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  11. Ironically enough, I tried to publish a comment from Wolfy from my new smartphone, and fat-fingered it and hit delete by mistake. Here's the comment (copied from email), since it's been deleted from Blogger:

    Timing is everything, Mike, and it's your lucky day. We just upgraded phones at work and, on Friday, I got my new HTC, Microsoft-esque, droidish kind of phone. It looks really cool.

    And, while trying to find my Home phone number , I accidently dialed 6 different people, and didn't even know how to hang up on them, so I turned the whole damned thing off.

    Looks like it has a whole lot of neat stuff on it, but I'm sure I'll never know 1/10th of it.

    I think I can program The Sly Fox into Google Maps, though.

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  12. Only thing I can think of Mike, Is when your wife calls while fishing.. its pretty cool to hook up right then... then challange yourself not to say anything to her.. like "babe I just hooked a fish while i'm on the phone with you" She will feel attention starved and youll never do it again.. so shhhhh... honestly man this happens to me all the time.. my phone is ringing in my waders.. hurry and answer it.. could be the wife and I need a fish!

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  13. While fishing, my wife knows to check in with me periodically. It seems that when she does, I'll have a fish on soon. It seems she brings me luck.

    I have a plain/simple phone that I only use to make calls. Some fella's that I fish with have a cool app...a GPS with the lake chart embedded...real cool, it has all the depth contour lines and is a real advantageous tool while trolling!

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  14. My main reason for taking my cell phone along with me while I'm in the woods is for emergency purposes only, other than that i would say leave them in the car.

    Whitetail Woods Blog / Deer Hunting and Blackpowder Shooting at it’s best.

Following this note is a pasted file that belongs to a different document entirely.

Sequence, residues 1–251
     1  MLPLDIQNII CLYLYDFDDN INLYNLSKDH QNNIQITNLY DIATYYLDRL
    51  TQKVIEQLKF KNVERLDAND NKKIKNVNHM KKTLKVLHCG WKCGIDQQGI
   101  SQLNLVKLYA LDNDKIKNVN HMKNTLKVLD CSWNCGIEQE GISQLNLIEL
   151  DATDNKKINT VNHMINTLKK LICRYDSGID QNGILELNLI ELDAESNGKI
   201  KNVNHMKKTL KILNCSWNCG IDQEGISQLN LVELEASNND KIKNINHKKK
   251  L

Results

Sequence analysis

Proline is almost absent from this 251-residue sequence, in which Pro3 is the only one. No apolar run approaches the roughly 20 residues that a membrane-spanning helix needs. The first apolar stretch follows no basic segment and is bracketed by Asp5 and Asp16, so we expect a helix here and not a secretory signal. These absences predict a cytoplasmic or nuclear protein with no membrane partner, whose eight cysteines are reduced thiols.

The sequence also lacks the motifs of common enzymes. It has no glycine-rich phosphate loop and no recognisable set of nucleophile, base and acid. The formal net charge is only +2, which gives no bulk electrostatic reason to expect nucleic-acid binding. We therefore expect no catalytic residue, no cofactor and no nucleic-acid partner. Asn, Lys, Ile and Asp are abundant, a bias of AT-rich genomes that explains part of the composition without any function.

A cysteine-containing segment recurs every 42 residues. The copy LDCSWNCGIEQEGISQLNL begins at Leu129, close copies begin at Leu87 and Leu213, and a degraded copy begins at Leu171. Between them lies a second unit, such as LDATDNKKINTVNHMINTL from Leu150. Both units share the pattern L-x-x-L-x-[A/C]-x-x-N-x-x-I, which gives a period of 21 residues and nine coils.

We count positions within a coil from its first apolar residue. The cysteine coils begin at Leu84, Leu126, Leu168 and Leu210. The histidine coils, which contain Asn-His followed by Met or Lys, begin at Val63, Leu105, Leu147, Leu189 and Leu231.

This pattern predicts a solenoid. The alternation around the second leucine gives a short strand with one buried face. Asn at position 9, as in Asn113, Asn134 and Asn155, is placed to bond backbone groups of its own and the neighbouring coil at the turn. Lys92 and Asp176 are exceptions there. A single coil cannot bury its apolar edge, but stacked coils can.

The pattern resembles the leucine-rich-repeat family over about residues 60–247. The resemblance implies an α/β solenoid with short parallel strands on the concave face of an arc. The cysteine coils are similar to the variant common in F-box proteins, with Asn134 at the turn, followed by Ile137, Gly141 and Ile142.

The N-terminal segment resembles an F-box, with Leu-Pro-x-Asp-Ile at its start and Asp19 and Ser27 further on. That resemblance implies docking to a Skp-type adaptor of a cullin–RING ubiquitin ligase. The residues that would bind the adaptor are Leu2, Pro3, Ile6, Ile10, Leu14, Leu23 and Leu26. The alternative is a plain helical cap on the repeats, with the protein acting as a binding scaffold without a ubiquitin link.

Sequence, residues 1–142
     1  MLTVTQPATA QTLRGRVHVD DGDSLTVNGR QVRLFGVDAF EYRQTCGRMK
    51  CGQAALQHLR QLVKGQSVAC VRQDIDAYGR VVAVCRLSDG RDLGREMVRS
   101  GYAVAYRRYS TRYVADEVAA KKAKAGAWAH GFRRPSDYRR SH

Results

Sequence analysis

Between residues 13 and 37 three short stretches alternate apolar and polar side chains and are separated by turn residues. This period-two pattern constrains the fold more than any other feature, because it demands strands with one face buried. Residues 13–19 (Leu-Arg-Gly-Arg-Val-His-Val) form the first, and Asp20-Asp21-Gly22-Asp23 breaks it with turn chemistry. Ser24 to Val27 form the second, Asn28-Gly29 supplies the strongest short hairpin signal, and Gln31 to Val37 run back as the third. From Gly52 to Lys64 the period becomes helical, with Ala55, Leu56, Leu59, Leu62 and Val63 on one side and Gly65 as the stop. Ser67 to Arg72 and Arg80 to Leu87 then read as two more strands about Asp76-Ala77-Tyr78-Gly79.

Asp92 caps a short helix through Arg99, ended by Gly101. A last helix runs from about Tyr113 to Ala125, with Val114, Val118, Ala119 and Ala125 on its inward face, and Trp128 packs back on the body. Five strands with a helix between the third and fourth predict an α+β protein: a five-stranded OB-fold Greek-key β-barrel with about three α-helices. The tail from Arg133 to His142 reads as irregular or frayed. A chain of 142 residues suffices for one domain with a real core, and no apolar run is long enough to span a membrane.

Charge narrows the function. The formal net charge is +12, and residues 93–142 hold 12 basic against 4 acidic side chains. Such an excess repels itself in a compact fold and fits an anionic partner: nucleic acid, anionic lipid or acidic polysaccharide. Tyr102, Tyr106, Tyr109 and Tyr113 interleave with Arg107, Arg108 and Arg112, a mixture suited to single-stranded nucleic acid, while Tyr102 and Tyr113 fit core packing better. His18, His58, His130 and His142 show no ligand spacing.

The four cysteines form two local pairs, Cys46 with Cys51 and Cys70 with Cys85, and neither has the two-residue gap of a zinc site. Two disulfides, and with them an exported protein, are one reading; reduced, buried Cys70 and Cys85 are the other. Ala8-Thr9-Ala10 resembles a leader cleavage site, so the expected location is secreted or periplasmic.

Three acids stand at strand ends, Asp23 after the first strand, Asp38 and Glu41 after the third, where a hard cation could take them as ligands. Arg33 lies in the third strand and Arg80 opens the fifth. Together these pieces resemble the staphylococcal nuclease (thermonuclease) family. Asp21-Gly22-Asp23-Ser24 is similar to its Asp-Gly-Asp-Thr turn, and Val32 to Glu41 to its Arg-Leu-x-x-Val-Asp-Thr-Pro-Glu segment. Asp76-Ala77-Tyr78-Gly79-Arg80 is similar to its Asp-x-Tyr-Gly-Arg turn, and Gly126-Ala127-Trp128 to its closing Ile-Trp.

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  15. It's definitely great to have a phone in case of emergency. I've had this phone for a couple of years now and for fishing out of a kayak (what I do almost exclusively) it's great since it's water proof. http://www.casiogzone.com/boulder/

    I think they came out with a newer one since I got mine. But anyway, I don't use any internet stuff, just calls, texts and camera. It gets the job done.

    However, one thing I did notice while fishing with a friend who has one of those smartphones is that he had an app that displayed weather radar. Which, while one is kayaking, is awesome. He had it in one of these pouches... http://www.aquapac.net/usstore/waterproof-phone-and-gps-cases-592-0.html
    that made it waterproof and still functional.

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  16. It puts a huge smile on my face when I drive into a canyon and it shows "No Service." That said I really like the music and the camera functions... on my phone. But I'm strange.

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  17. Wow - What a big response to this post. Figured I'd be getting a mixed bag, and glad to see you all didn't disappoint.

    Takeaway - there's probably some good stuff for the phone, but mostly what I'm looking at specifically for fishing is weather/radar/GPS/mapping programs...oh and to actually use as a phone.

    However I'm sure that will change quickly once Tyler unleashes his apps onto the world. Good luck bud, if they're anything like THFF, I'm sure we're all in for a game-changer.

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  18. Mike, what is this cell phone you speak of?

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  19. Since most of my outdoors activities amount to day hikes, it's nice to be able to pull up an aerial of where I am on Google. Texting rather than calling is good too, and takes less signal and almost no noise.

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  20. Ok time to put in my nerdy 2 cents... I LIVE by a program called Seesmic. It lets me manage all 3 twitter accounts I have without getting things too mixed up. It's also pretty good for just 1 account and I often find I like it better than Twitter's website on the desktop.

    The other KILLER app (worth paying for) is called "Fishin' Buddy". It allows you to mark the gps coordinates, temperature, time and just about any metric you can think of concerning your catch. It'll even pull weather and barometric pressure when you record a catch. I use it to store funcfish pictures and info so it's easier to update the site later.

    #1 accessory for your new phone: A Ziploc bag! You'll still be able to use your phone through the bag but it will keep the water out should your phone land in the creek.

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  21. While I'm not as far in the past as you were (I have a Samsung Impression), I'm headed in the Smartphone direction for my next phone as well.

    I was hoping for more than the Twitter and Facebook apps from your readers. I guess we outdoorsy types are mostly non-techie purists.

    I'm a techie by trade, though, so I have to weigh both sides. In the end, I'll probably favor my techie side and be tweeting from the water.

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  22. @Cofisher - It's not made by Wright & McGill, so don't worry about it.

    @Brickman - Google is always good

    @FF - You have 3 twitter accounts?

    @MNA - If you're tweeting from the water, you may want to get Rob's waterproof phone.